Wait until the pair reaches the top of the consolidation area, 1.3000, which also happens to be a psychologically significant level - potentially great resistance level. But if you do wait to see if the market reaches 1.3000, then you run the risk of the market not making it all the way up there and it drops back down lower, and you'd miss the return to the downtrend.
You can wait until the pair tests the potential resistance area, then moves back below 1.2900 into the downtrend before entering. This is probably the most conservative play as you get a confirmation that sellers are back in control, but then again you miss out on getting in the downtrend at a better price.
What to do? Why not enter at both 1.2900 and 1.3000? That's doable right? Sure it is! Just as long as you write this all down before the trade and follow the plan!
Let's determine our stop level. For simplicity, let's say you pick 1.3100 as the level that signals you were wrong and that the market will continue higher. That is where you exit your trade.
Second, let's determine our entry levels. There was support/resistance at both 1.2900 and 1.3000, so you'll add positions there.
Third, we will calculate the correct position sizes to stay within the comfortable risk level.
Let's say you have a $5,000 account and you only want to risk 2%. That means you are comfortable risking $100 ($5,000 account balance x 0.02 risk) on this trade.
Here is one way to setup this trade: Short 2,500 units of EUR/USD at 1.2900. According to our pip value calculator, 2,500 units of EUR/USD means your value per pip movement is $0.25. With your stop at 1.3100, you have a 200 pip stop on this position and if it hits your stop that is a $50 loss (value per pip movement ($0.25) x stop loss (200 pips)).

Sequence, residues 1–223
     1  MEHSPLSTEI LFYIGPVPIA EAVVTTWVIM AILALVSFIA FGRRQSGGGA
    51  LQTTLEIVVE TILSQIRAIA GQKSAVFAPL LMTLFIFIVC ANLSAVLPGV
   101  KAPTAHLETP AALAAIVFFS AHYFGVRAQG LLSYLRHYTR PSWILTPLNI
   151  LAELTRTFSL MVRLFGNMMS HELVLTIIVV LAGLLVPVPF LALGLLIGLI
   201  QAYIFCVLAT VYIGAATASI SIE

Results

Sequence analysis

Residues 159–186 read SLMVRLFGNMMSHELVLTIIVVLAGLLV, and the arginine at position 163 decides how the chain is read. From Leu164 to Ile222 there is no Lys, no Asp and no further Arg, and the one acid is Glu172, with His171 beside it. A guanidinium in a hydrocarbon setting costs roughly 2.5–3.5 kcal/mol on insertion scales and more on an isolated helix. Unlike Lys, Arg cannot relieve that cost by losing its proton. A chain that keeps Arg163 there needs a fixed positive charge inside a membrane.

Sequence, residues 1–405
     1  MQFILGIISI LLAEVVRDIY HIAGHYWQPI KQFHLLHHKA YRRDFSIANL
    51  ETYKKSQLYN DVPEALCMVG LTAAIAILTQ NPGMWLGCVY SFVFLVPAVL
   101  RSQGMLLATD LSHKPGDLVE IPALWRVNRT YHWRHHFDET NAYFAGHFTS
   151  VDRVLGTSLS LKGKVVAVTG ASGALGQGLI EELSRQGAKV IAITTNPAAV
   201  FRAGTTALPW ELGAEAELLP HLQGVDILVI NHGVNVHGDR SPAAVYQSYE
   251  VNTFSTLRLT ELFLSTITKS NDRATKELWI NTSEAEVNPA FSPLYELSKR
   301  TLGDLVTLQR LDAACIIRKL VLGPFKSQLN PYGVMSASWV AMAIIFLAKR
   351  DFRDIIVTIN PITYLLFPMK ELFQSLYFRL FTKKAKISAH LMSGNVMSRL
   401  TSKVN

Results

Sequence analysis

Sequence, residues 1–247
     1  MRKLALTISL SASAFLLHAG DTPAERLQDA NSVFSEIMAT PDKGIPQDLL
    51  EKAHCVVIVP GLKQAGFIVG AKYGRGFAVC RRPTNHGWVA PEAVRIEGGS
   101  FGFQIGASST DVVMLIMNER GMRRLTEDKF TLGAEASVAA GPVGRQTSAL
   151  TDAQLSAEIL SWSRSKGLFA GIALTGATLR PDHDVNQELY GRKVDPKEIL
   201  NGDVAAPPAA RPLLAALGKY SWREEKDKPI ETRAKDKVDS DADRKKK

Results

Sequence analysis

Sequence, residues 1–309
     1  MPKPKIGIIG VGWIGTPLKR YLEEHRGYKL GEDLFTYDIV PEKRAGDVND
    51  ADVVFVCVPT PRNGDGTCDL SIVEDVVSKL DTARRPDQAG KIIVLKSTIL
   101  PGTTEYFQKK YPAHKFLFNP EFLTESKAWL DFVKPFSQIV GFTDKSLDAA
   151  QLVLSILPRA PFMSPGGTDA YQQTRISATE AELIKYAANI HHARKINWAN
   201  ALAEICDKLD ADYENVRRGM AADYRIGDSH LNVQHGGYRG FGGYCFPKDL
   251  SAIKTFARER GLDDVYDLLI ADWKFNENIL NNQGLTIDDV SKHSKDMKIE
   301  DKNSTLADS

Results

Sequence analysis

Short 5,000 units of EUR/USD at 1.3000. Again, according to our pip value calculator, 5,000 units of EUR/USD means your value per pip movement is $0.50. With your stop at 1.3100, you have a 100 pip stop on this position and if it hits your stop that is a $50 loss (value per pip movement ($0.50) x stop loss (200 pips)).
Combined, this is a $100 loss if you are stopped out.
Pretty easy right? We have created a trade where we can enter at 1.2900, and even if the market went higher and created a losing position, we can enter another position and stay safely within normal risk parameters.
And just in case you were wondering, the combination of the two trades creates a short position of 7,500 units of EUR/USD, with an average price of 1.2966, and a stop loss spread of 134 pips.
If the market went down after both positions were triggered, then a 1:1 reward-to-risk profit ($100) would be achieved if the market hit 1.2832 (1.2966(avg. entry level) - 134 pips (your stop)). Because the bulk of your position was entered at the "better" price of 1.3000, EUR/USD doesn't have to fall too far from the resistance area to make a great profit. Very nice!!!
While you are logged into your account,
you can save your progress in the School of Pipsology!
- What is Scaling?
- Scaling Out
- Scaling Into Losing Positions
- Adding to an Open Winning Position
- Summary: Scaling In and Out